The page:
The truth is, five minutes a day with a foam roller will change your life. You can get a twelve inch one for about $15 that will fit in any gym bag. Work on the hips, lower back, upper back, and adductors. I guarantee that not only will you notice a change, but also friends will ask to borrow your roller.
(I’d tell them to buy their own).
This will sound like a mirror trainee’s dream come true, but it actually works.
For your bench workout, perform one set of 5 curls 90 seconds before every bench work set.
Preacher curl 5 reps with 80% of your max
Bench set 5 reps with 75% of your max
Incline seated curl 5 reps with 80%
Bench set 4 reps (with more weight obviously)
Chest-supported on incline bench hammer curl 5 reps with 80%
Bench 3 reps (more weight)
Reverse preacher curl 5 reps with 80% of your max
Bench 2 reps (more weight)
Hammer grip dumbbell preacher curl 5 reps with 80%
Bench 1 rep (more weight)
Continue on until you reach your 1RM for the day. Should be a PR!
The next time you do one-arm overhead presses with a kettlebell or dumbbell, try using thoracic extensions for increasing strength. Just before you begin to press, round your upper back slightly, then as you start to press, stick your chest out and pinch your shoulder blades together forcefully. Do NOT arch your lower back, but concentrate on your upper back. This will not only allow you to lift heavier, but has positive effects on thoracic mobility and posture.
Muscles have both a contractile component and an elastic component. For athletics, you want to take advantage of the elastic component to allow for better performance. For hypertrophy, you want to force as much contraction as possible by eliminating the elastic recoil at the bottom of the movement.
Set up for a dumbbell bench press, lower the dumbbells to your chest and hold for a three count. Try to accelerate the dumbbells as fast as possible to the top of the movement and return to the bottom position for another count of three. To avoid letting the muscles relax, do not lock out at the top of the movement. This will maximize the time under tension and allow for greater hypertrophy. Perform 3-4 sets of 8-12 reps and your chest will feel like it is going to explode.
Jim “Adam Lambert” Wendler
To ensure your next workout is even worth mentioning, make sure it includes at least one or more of the following:
Running hills, dips & chins, neck exercises, squats, benches, deadlifts, and cleans. Looking for opportunities to help others is never a bad idea either.
By the way, what a painfully gay question. What are you going to ask next, how do I bring up my calves? Please.
For those of you who train biceps the following tips can add a 3-5% strength increase to you biceps curl.
When you arrive at the gym do the following after a brief warm-up:
Lie in the prone cobra position for 2 minutes (lie face down, support upper body on elbows and relax, allowing your low back to hyperextend).
Perform 4 sets of progressively heavier isometric shrugs. Place barbell in power rack, shrug weight up and hold for 5 seconds, keep head in neutral position and shoulders back. Perform 1 rep per set. Use as heavy of a weight as you can with good form. Use straps if necessary.
Now you are ready to train biceps and you should be able to use more load than usual.
If your shoulders rise and fall when you take a big breath, then you’re sacrificing weight on the bar and leaving reps behind. You won’t be able to get a full breath of air, so you can’t maximize intra-abdominal pressure to grind through the hardest reps. The crocodile breath, a yoga technique that I picked up from Gray Cook, will help you re-learn proper breathing.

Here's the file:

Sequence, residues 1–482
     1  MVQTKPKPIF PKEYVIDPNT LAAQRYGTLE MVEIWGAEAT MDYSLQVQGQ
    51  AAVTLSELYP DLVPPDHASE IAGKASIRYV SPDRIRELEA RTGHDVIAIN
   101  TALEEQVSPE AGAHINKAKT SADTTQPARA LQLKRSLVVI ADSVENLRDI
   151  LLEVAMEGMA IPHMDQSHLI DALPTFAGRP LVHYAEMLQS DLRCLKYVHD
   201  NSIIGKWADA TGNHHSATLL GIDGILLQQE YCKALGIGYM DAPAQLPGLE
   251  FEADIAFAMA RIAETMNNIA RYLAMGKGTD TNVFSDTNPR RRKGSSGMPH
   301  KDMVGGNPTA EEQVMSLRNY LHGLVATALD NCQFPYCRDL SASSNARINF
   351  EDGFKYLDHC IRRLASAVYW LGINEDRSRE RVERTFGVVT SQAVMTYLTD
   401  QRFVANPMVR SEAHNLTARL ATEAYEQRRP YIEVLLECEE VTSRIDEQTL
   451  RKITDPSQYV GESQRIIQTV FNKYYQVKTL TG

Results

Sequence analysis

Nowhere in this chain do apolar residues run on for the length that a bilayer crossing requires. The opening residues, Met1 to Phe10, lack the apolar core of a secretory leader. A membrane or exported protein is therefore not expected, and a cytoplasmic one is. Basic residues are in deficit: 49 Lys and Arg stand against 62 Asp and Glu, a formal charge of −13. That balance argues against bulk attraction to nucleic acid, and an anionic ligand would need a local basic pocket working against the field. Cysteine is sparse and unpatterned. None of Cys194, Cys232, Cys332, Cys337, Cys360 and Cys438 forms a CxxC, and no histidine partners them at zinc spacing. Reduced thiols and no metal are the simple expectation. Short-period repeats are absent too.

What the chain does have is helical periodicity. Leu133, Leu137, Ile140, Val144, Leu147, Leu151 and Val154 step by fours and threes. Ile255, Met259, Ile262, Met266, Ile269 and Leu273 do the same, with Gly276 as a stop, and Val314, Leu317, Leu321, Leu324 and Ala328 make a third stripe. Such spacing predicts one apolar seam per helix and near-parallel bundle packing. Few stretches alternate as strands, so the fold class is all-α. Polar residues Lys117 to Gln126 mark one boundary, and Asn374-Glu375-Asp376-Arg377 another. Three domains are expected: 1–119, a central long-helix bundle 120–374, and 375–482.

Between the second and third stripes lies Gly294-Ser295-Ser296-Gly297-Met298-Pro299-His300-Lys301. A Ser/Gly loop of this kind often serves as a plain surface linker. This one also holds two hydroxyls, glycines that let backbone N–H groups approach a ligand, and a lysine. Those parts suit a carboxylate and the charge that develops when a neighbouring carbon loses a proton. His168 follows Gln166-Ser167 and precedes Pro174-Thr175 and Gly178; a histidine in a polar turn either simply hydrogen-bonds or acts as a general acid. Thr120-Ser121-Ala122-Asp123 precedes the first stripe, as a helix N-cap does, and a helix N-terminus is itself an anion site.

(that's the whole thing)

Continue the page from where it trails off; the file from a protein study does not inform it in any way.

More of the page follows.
Lay facedown and take ten deep breaths, filling the belly up with air while letting it cause your lower back to rise and fall. Do this before each working set of your biggest lift. When training with maximal loads, or in nearing the end of a tough set, take a big belly breath at the top of the rep, before you descend, and hold that breath until you’ve begun moving through your sticking point.
Try what I call Preloading the workout, by doing two things before you leave the house in the morning. First, grab your crockpot or slow cooker and drop some root veggies in the bottom of the pot. Toss in a whole fryer chicken (to make it better, cut an apple in half and use it as “stuffing” to keep the fryer, well, whole), and then pour in some frozen peas. Put it on low cook.
Second, grab a 4 or 6 inch PVC pipe and cut it (or just get the guy at the store to do it) about a foot across and toss it in your gym bag.
When you get to the gym, instead of warming up with a bunch of worthless junk, find space on the floor, and roll out your IT bands, your hammies, and your mid back. Yes, I know the PVC pipe is harder than foam; it’s also cheaper and works better for my more muscular athletes. Now, jump in and get your workout. When you finish, take a few more minutes to roll. When you go home, your food will make the place smell great. Let the meat fall off the bone, and make yourself a plate of quality protein and veggies.
Try doing a calf raise after each back squat rep. Make the movement flow with the squat, not like a choppy add-on. This will help vertical jump, leg power, and overall muscle recruitment. Hold it at the top for 1-2 seconds before the next rep. Better balance will come with practice.
Also, you can add both a simultaneous shrug and calf raise at the top of each deadlift rep. Perform this similar to the squat described above.
This is also great for improving calf size and strength.
That’s it! Until next time — keep Tweeting!